The sad passing of icons such as Jackie Collins and Cilla Black hit me hard.
These glamorous, bright, fiercely intelligent women who were legendary in their field, universally known but generally seeming good eggs, despite the wealth and fame are no longer here? It doesn't seem possible.
I cried last week when I heard about Jackie Collins, just like I did with the news that Cilla Black had died.
Jackie Collins showed so much dignity in the face of a terrible prognosis. Continuing to write her classic 'bonk-busters' whilst facing the daily pain of advanced cancer, or as she referred to it in her final interview 'a chronic illness'. She had stuff to do, so she put on her lippy and she did it.
I've always had admiration for the 'Jackie Collins' type women. I love that she once described her weakness as 'wearing too much leopard print'. This reminds me of my mum, who rocked up at my 40th birthday party in, wait for it, triple leopard, and looked fabulous for it.
I've always been drawn to these strong females who do whatever they do with absolute sass. My mum worked in Woolworths in the 80s when my brothers and I were kids, but she went to work every day looking like a film star. She is still the most glam person I know.
When Cilla Black died I was so upset. The sadness I felt for her didn't surprise me though, because I felt like I had known her since I was a young girl, and in a way, I had. All sitting down together to watch Blind Date in our old prefab in Essex signified the weekend had arrived. A vague waft of Aramis in the air as my big brothers got ready to go clubbing. Of course I shed a tear when Cilla died. How could I not?
It got me thinking about the women who have impacted on and inspired me throughout my life so far.
From my mum, who I love with a passion, to the female writers I admire, right down to my school dinner lady who I have never forgotten. She gave me some wise advice in the early 80s when I was being bullied at school. She told me straight that 'at least I could sleep at night'. The bullies however would one day be awoken thinking of their actions long after I would have forgotten them.
I'm not actually sure she was right about that (invisible scars run deep) but I always remember Mrs P saying that to me. I've never forgotten her kindness or her bright red lipstick, which she wore every day alongside her tabard. You see, these women are everywhere, building us up as we go.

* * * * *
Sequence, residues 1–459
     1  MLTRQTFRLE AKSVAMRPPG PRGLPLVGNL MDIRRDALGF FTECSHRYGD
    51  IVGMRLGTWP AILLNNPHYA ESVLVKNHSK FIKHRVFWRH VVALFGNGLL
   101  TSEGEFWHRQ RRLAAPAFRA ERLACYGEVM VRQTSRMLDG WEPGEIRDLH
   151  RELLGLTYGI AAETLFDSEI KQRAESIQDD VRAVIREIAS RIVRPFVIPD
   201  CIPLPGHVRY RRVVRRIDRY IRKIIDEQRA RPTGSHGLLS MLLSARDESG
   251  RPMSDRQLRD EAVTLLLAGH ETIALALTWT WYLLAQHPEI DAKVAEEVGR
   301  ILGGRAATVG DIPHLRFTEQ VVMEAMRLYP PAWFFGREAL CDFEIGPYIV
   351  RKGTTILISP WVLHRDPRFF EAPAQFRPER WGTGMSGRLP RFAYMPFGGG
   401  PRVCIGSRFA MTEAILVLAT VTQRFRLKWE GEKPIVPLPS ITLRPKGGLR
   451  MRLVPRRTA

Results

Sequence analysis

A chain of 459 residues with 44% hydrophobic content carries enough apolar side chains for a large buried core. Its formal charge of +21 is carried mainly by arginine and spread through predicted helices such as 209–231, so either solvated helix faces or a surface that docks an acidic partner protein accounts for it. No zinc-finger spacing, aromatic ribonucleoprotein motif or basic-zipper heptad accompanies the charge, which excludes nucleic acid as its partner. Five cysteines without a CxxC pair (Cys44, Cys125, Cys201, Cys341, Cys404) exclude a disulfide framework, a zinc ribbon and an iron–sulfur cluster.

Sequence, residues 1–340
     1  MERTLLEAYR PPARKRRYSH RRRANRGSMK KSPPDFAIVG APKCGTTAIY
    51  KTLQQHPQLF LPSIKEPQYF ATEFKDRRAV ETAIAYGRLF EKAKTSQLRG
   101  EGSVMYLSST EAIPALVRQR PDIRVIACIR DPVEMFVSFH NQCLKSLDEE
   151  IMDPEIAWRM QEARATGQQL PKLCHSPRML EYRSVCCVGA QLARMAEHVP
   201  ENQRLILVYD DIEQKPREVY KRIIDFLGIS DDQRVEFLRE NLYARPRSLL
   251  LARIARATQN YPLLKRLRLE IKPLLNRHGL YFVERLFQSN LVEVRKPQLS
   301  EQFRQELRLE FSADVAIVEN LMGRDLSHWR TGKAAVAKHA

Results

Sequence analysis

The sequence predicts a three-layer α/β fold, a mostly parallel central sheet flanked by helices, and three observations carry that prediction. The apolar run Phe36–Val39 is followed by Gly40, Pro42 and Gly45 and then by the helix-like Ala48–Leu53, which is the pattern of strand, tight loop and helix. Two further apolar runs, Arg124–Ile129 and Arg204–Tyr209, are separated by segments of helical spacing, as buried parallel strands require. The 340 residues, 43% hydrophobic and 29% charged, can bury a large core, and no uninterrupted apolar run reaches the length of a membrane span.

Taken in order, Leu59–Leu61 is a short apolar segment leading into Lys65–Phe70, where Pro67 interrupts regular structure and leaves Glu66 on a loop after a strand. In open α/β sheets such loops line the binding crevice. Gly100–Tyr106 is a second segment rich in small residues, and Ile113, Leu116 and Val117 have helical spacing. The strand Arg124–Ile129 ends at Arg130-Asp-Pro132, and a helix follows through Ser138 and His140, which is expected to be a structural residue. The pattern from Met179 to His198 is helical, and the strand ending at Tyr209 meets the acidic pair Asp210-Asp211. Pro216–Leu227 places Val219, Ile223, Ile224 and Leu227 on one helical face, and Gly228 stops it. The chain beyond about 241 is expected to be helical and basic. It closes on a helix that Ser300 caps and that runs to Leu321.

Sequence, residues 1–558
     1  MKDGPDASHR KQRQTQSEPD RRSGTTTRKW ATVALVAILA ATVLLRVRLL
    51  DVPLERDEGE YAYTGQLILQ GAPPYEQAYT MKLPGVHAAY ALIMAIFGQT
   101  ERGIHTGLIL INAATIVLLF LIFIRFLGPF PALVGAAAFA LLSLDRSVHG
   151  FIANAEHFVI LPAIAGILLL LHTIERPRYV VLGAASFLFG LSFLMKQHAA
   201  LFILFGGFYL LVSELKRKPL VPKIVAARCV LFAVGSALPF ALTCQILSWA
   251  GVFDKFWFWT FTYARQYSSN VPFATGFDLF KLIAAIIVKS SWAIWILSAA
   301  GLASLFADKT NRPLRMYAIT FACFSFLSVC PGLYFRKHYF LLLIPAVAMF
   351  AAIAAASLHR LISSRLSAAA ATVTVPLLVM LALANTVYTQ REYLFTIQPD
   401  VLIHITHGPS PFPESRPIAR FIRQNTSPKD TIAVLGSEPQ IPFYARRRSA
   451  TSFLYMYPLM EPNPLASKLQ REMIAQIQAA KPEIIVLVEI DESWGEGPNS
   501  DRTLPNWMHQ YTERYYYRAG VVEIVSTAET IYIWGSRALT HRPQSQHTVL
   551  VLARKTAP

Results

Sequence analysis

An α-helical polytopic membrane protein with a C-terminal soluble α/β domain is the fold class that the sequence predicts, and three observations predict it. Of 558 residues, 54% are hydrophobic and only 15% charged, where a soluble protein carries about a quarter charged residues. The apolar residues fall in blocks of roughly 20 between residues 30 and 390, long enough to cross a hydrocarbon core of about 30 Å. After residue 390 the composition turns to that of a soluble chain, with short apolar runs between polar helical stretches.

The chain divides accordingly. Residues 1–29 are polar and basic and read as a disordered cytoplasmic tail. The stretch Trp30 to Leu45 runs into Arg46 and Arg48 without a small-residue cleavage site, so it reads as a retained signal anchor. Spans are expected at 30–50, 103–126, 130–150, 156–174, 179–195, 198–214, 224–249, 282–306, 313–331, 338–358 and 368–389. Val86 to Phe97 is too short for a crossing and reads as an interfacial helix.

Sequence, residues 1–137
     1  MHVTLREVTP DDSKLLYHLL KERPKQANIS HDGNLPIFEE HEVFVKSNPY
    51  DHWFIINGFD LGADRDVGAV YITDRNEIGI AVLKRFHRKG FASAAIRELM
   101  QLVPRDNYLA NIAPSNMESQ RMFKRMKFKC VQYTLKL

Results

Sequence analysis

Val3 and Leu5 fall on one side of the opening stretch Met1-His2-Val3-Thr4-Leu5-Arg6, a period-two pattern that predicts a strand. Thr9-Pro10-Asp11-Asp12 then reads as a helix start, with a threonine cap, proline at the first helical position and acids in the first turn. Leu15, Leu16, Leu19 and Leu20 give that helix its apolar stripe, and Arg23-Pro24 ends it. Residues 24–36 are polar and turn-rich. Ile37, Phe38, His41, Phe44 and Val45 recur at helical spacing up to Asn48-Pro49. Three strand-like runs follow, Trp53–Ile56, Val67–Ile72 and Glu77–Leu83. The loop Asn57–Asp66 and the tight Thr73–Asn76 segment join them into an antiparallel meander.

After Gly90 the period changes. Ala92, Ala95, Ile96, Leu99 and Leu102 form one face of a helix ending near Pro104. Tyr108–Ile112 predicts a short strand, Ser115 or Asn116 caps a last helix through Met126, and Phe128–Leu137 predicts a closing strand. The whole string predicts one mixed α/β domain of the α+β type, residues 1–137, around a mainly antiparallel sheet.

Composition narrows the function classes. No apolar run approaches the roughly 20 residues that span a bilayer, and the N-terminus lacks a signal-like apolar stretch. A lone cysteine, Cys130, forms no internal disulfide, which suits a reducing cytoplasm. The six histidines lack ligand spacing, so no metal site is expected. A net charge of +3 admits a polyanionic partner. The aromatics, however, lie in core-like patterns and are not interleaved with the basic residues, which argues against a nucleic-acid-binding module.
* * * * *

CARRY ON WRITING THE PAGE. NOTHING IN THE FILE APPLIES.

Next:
Now in my 40s I can honestly say the fierceness of female friendship will be some of the strongest platonic yet passionate love affairs I will ever have.
The grief I felt when my pal Lisa Lynch died burns away inside me now, almost three years later in a way I could never of anticipated. Lisa was one of these women I am talking about, always looking amazing and doing incredible things. Even in the face of fear she wrote a blog, which became a book then film. The C Word saved lives. The fact that Lisa died between the film being made and airing is one of the saddest things I have ever experienced. But Lisa was one of these women who built you up.
The Jackie's, Cilla's, Mrs P's and Lisa's all inspire me to cherish the fact that I'm grateful to the women like my mum and my friends who have made me the woman I am. Now, living with chronic illness myself, I always put my lippy on and face the day my way. Like these girls do and did.
What started as an ode to Jackie and Cilla had ended as a love letter to all the women who have made me the person I am today.
I can't think who it may be, but I hope in years to come my niece will be nostalgic about all the women who have inspired her. I hope she looks closely around her, because there are women all around us, supporting other women, inspiring us to be the best we can. And so many of them are doing it in perfect red lipstick.
Here's to all those women, and long may I try and be one.